by Winifred Holtby
SOUTH RIDING hasn't been out of print since its publication in 1935 and it is easy to see why. Winifred Holtby's final and best-known novel is a rich and enduring evocation of life in rural Yorkshire between the wars, populated by some of the most memorable characters in twentieth century fiction. Despite being framed by the unpromising structure of local council meetings, the book tells a compelling story of love, duty and selflessness as much as hubris, greed and ambition.
Sarah Burton is a modern woman who has been appointed as the new headmistress for Kiplington Girls' High School. The daughter of a drunken blacksmith, she improved herself through education and believes in the power of human intelligence and will to achieve order, happiness, health and wisdom. She arrives with dreams of creating an outstanding school where she will train girls and 'inoculate their spirits with some of her own courage, optimism and unstaled delight' and with uncompromising determination she throws herself into ensuring her vision is realised. All goes to plan until she falls in love with Robert Carne, a school governor and father to one of her pupils. Carne's family has owned Maythorpe Hall and farmed the land for four generations. A natural conservative, believing passionately in the old order and his duty to preserve it, he is temperamentally and politically at the opposite end of the spectrum to Sarah's own feminist and socialist convictions. So is the scene set for a tumultuous love story.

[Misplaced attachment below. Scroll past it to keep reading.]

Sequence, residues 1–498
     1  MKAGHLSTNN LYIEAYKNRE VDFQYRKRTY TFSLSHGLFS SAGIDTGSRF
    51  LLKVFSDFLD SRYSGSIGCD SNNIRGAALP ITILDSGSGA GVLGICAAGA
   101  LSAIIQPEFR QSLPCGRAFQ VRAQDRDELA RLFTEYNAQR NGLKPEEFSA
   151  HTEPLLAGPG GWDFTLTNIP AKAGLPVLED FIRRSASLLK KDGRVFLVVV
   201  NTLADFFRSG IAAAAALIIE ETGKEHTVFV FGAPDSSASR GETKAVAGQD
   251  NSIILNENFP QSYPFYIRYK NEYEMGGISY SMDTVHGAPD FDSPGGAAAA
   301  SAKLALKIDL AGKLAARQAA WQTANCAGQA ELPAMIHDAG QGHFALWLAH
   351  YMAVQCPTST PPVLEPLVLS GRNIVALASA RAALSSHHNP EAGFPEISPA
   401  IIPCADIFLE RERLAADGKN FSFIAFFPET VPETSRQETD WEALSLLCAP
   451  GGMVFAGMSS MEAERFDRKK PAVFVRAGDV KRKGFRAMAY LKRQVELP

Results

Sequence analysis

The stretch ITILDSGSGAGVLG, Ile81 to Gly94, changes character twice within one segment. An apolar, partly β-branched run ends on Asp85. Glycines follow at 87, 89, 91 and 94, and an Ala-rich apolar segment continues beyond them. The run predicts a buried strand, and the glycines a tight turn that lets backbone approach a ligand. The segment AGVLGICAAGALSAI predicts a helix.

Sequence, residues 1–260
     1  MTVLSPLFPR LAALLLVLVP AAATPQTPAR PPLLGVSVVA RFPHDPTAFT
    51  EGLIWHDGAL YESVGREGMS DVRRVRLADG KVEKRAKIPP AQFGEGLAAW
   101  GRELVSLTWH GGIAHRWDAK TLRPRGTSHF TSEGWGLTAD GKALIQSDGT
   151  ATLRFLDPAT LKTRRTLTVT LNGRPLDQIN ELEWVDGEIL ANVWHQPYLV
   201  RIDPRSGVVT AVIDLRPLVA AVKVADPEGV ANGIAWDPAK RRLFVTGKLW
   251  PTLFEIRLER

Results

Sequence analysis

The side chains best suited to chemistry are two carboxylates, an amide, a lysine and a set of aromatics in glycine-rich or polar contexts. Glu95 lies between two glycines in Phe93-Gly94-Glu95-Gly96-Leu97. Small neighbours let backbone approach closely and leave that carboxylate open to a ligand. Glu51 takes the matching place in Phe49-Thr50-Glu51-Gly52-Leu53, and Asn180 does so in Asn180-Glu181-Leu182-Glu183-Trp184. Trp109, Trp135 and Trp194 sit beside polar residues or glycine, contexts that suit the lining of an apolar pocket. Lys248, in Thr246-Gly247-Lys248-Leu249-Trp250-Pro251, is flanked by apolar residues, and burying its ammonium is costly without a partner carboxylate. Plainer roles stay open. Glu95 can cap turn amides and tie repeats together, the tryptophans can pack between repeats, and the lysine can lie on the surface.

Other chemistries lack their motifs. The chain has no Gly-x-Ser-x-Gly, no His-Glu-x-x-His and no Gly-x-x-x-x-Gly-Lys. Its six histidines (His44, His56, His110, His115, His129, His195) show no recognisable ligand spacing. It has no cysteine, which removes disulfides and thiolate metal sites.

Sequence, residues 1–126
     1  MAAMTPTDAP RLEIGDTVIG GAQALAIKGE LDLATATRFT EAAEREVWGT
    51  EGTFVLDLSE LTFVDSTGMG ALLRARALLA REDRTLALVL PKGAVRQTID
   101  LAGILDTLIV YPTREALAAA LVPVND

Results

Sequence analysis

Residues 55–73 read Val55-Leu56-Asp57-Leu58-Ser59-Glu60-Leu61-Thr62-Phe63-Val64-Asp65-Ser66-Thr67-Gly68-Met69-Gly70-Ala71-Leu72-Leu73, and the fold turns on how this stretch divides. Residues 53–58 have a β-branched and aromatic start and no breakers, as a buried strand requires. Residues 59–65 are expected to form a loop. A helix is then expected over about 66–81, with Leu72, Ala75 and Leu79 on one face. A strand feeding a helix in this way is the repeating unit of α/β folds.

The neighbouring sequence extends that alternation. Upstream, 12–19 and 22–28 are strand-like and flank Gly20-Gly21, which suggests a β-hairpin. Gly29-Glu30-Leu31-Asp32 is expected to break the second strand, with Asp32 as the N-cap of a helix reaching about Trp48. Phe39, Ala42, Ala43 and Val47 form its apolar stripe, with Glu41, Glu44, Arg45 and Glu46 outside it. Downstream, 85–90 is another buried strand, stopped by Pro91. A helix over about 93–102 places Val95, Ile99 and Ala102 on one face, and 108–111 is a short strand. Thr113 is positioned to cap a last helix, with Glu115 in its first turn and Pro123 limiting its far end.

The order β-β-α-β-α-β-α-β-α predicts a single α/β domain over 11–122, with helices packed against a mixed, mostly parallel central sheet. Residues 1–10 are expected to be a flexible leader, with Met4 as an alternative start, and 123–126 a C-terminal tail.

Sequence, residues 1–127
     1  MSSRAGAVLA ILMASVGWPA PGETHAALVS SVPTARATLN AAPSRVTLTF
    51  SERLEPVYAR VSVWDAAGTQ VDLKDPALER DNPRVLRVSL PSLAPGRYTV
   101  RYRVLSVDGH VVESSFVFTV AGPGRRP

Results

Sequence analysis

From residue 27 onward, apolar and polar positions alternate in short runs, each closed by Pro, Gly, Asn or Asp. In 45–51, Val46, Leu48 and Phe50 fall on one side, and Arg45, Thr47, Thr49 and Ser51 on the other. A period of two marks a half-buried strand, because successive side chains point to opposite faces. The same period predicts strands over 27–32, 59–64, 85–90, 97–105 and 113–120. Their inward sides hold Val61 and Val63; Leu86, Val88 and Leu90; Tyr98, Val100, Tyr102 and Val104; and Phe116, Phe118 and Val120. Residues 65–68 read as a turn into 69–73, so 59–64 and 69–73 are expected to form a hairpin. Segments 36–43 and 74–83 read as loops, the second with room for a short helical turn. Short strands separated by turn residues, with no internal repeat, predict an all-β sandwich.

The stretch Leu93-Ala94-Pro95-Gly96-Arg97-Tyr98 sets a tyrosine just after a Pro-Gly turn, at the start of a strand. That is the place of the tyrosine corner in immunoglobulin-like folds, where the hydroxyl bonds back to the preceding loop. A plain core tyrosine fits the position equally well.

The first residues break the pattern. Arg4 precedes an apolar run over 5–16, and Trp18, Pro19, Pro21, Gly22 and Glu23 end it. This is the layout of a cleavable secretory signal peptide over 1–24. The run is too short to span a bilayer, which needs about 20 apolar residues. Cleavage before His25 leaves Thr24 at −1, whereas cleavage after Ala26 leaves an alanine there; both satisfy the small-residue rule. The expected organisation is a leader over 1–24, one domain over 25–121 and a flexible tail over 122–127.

The many other characters who make up the community are all there: Lydia, the bright girl from a very poor family who is forced, at the death of her mother, to quit school to look after her brothers and sisters; Mr Huggins, ecstatic lay preacher and alderman, who unwittingly becomes involved in gerrymandering; Lily Sawdon, quietly and painfully dying without telling her husband in order to protect him; Alderman Snaith, damaged industrialist who resents the fertility of spring and whose only hope of redemption lies in good works for the community. And so on. Each and every one drawn in the round in their human mixture of good and bad.
Winifred Holtby died of kidney disease at the age of 37, less than a month after finishing SOUTH RIDING. Her close friend, Vera Britain, in an epitaph at the end of the book, voices her regret that Holtby did not live to realise her great potential as a writer and will 'create no more men and women in the likeness of our human frailties, our superb loyalties, our brave and pathetic aspirations.'
Published by Virago, 544pp.